Wednesday, September 27

‘Stolen Letters’: the letters of the prisoners and exiles of the Franco regime who never reached their families

“Dear dad: I don’t know what procedure to use to get my letters to reach your hands or to get one of yours.” It is one of the letters from prisoners in prisons, concentration camps or exiles that are cataloged in the Municipal Archive of Manises (Valencia), sent in the immediate post-war period and that never reached their recipients to the despair of their authors.

“It was a very interesting material about which little has been written in Spain,” says the historian Salva Espí, in charge of cataloging the Falange documentation in the Municipal Archives of Manises. The town council commissioned a documentary from the director and screenwriter Salvador Dolz that will premiere on March 28 at the Germanies Auditorium and that portrays the post-war atmosphere in small towns.

The vast majority of the fifty letters correspond to prisoners in prisons and concentration camps, as well as exiles, who wrote to their relatives in search of guarantees and to keep them informed of their uncertain destiny. “That some letters are stolen from you is not unimportant nonsense, in that context it was very serious and did a lot of damage,” Salvador Dolz, the director of the documentary, explains to Stolen cards. The papers of Manises.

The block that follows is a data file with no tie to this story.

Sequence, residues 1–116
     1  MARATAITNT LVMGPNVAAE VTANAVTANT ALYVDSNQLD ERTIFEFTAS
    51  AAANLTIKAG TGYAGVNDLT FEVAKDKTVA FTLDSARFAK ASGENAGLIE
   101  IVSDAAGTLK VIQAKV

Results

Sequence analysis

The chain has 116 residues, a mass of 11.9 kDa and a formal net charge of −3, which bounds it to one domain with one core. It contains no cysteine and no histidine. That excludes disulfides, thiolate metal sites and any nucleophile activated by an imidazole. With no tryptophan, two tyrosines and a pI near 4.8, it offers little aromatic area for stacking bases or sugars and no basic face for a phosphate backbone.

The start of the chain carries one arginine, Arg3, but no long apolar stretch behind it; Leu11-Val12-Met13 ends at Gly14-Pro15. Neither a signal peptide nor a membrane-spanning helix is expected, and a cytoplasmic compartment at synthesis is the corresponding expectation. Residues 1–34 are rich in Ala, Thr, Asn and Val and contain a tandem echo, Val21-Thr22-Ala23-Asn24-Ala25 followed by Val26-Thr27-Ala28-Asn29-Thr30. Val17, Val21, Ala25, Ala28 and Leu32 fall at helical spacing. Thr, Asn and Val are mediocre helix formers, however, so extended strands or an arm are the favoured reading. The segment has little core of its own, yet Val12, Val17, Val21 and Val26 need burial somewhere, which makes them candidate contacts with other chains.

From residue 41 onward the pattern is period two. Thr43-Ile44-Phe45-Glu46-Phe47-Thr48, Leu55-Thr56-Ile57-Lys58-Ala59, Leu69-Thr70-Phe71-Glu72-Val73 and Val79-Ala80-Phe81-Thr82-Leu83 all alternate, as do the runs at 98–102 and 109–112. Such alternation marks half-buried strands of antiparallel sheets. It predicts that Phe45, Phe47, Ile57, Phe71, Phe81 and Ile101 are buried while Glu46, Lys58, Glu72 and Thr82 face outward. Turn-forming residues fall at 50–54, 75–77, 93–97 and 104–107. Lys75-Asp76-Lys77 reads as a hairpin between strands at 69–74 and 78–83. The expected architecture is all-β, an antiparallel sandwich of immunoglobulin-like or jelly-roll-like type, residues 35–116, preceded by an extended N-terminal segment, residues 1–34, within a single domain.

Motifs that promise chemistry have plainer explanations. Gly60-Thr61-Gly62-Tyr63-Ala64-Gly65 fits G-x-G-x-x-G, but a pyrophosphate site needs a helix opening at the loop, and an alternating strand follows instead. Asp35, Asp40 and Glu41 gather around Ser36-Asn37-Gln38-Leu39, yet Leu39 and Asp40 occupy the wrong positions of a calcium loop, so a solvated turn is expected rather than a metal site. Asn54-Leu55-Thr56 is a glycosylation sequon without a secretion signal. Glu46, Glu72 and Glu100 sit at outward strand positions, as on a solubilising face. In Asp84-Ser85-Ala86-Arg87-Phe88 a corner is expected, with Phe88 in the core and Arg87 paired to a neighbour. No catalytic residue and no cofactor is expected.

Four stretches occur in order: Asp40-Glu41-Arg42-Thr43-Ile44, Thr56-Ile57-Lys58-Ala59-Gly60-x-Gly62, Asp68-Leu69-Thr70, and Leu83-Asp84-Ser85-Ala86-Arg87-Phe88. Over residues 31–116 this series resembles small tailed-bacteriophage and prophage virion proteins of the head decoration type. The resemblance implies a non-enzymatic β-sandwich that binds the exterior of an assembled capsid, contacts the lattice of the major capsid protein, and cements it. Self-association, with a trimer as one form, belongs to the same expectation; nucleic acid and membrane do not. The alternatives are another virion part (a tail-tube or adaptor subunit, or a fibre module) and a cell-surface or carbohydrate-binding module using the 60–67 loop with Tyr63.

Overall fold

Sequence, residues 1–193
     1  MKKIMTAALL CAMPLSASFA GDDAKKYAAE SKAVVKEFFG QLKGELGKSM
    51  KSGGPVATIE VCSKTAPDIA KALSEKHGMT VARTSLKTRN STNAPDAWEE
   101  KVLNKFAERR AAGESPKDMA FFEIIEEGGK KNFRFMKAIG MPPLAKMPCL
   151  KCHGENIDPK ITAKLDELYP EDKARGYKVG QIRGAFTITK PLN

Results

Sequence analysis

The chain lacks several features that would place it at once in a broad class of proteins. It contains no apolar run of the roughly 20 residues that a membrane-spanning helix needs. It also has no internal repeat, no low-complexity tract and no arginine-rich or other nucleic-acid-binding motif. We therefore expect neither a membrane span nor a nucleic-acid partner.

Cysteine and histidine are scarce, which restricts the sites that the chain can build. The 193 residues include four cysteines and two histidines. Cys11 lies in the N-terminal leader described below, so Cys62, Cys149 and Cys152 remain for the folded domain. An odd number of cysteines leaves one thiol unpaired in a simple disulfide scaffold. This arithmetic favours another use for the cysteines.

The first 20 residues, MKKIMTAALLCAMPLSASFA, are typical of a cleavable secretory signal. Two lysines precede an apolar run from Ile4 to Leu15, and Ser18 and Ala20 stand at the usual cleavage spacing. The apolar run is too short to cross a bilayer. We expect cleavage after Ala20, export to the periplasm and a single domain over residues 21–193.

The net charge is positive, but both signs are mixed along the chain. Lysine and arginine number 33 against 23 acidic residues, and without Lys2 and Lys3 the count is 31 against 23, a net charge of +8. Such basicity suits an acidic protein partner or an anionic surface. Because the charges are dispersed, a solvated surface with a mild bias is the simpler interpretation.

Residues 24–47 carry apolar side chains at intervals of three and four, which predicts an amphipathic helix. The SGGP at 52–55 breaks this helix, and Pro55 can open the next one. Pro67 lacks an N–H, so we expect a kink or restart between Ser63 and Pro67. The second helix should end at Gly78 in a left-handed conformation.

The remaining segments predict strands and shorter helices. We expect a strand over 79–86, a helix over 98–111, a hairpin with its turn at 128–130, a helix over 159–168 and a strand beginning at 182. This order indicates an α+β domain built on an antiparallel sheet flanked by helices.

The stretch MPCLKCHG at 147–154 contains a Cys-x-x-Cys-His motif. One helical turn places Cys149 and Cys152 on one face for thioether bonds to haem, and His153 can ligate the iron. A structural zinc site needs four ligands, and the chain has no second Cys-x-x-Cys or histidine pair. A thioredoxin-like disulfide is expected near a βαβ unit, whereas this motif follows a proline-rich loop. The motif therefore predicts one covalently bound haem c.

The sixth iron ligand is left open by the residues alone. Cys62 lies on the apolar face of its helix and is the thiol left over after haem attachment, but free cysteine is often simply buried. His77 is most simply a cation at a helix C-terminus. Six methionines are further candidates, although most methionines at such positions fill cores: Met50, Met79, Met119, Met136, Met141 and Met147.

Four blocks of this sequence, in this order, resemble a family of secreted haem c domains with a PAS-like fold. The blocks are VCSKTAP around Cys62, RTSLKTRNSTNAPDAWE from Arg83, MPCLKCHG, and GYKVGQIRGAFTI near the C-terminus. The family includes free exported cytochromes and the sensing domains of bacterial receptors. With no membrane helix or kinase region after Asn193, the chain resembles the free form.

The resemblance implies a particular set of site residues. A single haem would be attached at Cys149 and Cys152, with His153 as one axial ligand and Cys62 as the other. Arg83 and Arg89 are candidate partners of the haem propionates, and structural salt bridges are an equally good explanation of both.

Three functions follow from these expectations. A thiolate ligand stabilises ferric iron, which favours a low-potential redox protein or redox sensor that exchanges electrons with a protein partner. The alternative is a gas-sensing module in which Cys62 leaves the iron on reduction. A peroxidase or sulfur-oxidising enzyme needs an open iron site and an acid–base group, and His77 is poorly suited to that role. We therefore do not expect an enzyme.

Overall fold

The Falange archive was miraculously saved from disappearance and the historian Salva Espí has ​​worked for a decade cataloging the approximately 6,000 documents it contains. The material found “is extraordinary,” remarks Espí, who located among the thousands of documents the documentation on a high-ranking visit by the Hitler Youth to Valencia. Part of the archival material, which spent decades forgotten in the Café Arriba de Manises, local headquarters of the yoke and arrows party, was damaged by floods and poor conservation.

“For us it was exceptional to find them and their conservation exceptional because they were letters that had been censored to very specific people, the intention was to undermine morale and try to do as much evil as possible as a lesson to the relatives who were at home and who had no news of their relatives didn’t even know if they would be alive”, says the municipal archivist of Manises, Vicent Masó.

The father of the director of the documentary, a republican soldier, was imprisoned in the concentration camp of the Plaza de Toros de Valencia, one of the more than 300 that the Francoist side created in Spain during the postwar period. The discovery of the letters has served to trace in the documentary the small-scale history of Franco’s repression in small towns and the collateral effect on the families of those defeated in the Civil War. “This is a diffuse repression to which we have not given enough importance,” says Dolz.

For journalist Rosa Brines, executive producer of Stolen cards. The papers of Manises, the documentary “values ​​those micro-histories that are often relegated from the great historical accounts, the history of people who have been forgotten and anonymous.” And in this tighter plane, Brines highlights the “crucial role” of the local historian.